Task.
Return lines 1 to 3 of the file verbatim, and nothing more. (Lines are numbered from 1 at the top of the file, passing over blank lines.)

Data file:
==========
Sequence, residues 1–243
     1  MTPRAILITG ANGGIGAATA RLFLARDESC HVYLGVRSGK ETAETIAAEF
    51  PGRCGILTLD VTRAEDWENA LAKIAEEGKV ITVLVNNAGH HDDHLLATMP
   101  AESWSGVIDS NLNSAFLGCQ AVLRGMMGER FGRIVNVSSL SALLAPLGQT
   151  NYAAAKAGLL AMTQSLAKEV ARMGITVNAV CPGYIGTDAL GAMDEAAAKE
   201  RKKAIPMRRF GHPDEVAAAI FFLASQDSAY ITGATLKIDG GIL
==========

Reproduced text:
Sequence, residues 1–243
     1  MTPRAILITG ANGGIGAATA RLFLARDESC HVYLGVRSGK ETAETIAAEF
    51  PGRCGILTLD VTRAEDWENA LAKIAEEGKV ITVLVNNAGH HDDHLLATMP